General News of 2014-03-25

Ghana is in economic crisis – Bawumia

Two-time vice presidential candidate of the main opposition New Patriotic Party (NPP), Dr Mahamudu Bawumia says the Ghanaian economy is in a crisis.

At a lecture on the depreciating value of the local currency against major global currencies of international trade at the Central University College organised in Accra on Tuesday, the former Deputy Governor of the Bank of Ghana said: “Government must admit that the economy is in a crisis so that it can carry the country along and get public support for the tough remedial measures it may have to take.”

He said: “The denial must therefore stop,” adding that: “The problem will not go away by refusing to acknowledge it.”

In Dr Bawumia’s argument: “There must be policy credibility to assure markets and investors that Ghana is a safe bet. In this regard, Government should resist the temptation to make new promises and commitments of expenditure for new programmes when it is unable to even meet statutory payments.”

According to him, “such promises only serve to signal a lack of appreciation of the current situation and reinforce the loss of confidence in the economy.”

Beside his call for restoration of confidence in the economy, Dr Bawumia said there was the need for fiscal discipline if the economy was to be fixed.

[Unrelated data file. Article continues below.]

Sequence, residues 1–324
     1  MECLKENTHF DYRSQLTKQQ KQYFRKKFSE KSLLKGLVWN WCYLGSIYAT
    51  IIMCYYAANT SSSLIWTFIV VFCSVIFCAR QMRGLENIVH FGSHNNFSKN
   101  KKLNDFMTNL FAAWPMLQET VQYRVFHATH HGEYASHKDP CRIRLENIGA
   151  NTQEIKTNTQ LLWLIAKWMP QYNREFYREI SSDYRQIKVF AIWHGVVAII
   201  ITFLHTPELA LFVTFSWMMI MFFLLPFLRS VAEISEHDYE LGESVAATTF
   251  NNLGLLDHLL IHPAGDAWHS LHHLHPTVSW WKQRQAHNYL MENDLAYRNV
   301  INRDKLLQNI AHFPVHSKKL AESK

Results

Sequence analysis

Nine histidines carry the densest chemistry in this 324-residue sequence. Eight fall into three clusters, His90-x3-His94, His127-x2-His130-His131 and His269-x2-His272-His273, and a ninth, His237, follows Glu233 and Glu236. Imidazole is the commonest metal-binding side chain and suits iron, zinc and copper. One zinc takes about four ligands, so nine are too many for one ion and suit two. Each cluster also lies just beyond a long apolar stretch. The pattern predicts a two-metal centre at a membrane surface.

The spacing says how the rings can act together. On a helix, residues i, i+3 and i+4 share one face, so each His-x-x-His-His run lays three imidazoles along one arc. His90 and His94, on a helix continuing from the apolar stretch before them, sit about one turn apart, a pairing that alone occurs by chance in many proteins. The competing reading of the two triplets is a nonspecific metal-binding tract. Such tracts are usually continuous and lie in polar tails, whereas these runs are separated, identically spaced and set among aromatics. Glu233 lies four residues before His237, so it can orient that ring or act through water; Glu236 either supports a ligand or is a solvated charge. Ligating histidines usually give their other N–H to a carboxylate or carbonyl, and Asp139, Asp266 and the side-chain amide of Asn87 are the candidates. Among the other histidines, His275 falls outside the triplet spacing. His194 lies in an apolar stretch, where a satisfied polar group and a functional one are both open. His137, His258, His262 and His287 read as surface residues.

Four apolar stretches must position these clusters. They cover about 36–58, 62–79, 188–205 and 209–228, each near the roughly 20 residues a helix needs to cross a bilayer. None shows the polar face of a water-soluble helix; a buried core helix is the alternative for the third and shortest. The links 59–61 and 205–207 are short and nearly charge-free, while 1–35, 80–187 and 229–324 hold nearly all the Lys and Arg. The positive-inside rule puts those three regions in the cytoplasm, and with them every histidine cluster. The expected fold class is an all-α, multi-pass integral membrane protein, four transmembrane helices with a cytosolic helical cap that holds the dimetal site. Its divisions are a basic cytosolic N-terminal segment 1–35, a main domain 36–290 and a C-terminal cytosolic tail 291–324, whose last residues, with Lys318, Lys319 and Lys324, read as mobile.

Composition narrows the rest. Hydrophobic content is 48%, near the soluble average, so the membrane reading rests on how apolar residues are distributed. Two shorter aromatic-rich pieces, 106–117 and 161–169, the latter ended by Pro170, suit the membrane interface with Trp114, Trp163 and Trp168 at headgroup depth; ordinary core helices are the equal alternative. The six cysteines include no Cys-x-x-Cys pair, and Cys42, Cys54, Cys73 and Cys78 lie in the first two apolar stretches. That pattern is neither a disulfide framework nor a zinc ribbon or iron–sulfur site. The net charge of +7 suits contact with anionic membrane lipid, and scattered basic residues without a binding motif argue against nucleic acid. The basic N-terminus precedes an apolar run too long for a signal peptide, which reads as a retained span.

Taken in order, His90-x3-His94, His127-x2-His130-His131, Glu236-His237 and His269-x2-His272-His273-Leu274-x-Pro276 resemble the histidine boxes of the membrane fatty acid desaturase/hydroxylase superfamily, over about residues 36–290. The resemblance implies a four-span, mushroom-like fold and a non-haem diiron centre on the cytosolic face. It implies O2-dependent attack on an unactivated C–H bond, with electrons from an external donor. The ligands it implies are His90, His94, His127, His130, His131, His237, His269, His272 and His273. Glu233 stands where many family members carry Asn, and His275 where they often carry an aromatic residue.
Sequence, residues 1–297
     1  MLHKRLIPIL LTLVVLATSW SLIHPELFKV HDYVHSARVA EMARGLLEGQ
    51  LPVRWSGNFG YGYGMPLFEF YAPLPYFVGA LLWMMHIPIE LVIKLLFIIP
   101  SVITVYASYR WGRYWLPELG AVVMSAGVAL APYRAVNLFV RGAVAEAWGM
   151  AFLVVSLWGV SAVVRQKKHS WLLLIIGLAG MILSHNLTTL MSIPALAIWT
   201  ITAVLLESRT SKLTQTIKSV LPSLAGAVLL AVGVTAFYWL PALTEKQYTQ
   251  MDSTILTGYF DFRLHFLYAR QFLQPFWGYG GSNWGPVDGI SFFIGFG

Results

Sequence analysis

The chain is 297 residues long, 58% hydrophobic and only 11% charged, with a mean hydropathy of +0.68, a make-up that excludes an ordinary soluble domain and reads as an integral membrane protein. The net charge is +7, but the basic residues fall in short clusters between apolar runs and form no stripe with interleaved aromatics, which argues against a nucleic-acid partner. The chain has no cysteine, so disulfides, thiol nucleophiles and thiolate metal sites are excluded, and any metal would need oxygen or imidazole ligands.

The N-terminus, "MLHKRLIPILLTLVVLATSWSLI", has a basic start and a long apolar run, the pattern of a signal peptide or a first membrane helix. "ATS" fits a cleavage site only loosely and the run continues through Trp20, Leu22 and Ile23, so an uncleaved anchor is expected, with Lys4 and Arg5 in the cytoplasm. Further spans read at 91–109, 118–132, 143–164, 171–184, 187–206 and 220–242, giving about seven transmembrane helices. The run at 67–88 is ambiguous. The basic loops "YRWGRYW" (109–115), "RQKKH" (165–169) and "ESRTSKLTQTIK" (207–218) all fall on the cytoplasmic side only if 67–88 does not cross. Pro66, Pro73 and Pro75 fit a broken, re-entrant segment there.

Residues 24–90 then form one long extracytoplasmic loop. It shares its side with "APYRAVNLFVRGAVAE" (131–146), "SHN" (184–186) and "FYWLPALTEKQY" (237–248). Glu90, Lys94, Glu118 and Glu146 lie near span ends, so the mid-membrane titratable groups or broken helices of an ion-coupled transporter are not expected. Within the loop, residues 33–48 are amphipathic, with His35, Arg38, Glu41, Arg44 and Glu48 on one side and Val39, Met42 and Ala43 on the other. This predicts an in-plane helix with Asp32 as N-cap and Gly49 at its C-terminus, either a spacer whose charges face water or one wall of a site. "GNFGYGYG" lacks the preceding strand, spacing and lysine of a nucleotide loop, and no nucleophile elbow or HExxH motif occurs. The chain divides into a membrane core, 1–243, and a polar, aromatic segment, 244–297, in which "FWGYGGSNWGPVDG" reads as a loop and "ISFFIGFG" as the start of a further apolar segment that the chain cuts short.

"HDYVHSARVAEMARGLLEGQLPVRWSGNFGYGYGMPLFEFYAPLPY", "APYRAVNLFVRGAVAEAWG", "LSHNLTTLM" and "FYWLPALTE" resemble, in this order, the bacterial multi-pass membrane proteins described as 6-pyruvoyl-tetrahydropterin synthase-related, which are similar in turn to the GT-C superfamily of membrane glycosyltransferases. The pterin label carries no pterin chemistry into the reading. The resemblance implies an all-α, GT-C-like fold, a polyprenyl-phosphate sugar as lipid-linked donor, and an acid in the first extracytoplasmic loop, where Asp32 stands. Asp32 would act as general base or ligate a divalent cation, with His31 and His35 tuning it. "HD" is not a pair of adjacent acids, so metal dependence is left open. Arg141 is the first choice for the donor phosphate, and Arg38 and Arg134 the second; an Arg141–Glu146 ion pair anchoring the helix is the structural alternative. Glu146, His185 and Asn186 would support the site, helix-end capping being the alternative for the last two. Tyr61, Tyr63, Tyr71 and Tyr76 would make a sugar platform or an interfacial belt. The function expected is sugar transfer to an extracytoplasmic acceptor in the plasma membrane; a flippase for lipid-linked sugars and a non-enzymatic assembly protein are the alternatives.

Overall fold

The Economist said the Government must ensuring that: “…We cut our coat according to our size,” adding that: “Revenue enhancing and expenditure reducing measures such as ensuring value for money in the award of government contracts through a transparent competitive procurement process that minimises sole sourcing”, must be tackled.

“Government should also deal effectively with corruption in the management of public finance. Government should immediately undertake a biometric based payroll audit to eliminate ghost workers as well as implement a biometric base system for all public sector workers to deal with fraud in Government payroll,” Dr Bawumia suggested.

He also warned that the country gradually slumping into an abyss of unsustainable debt which could worsen the already aggravated situation since, according to him, unlike years past when the nation benefitted from the Highly Indebted Poor Countries (HIPC) initiative, such debt relief was no more available.

Dr Bawumia further debunked assertions that the depreciation of the Cedi could be put down to the redenomination of the cedi by the Kufuor administration in 2007.

By his calculations, Ghana’s Ghc9.5 billion debt stock as of 2008, inflated to Ghc49.9 billion, representing an increase of over 40 billion in five years. Further crunching down the numbers, Dr. Bawumia said the current debt stock represents 57.7 per cent of GDP, and predicted that: “Our debt stock will be 60 per cent to GDP ratio by the end of this year.”

Source: xyz
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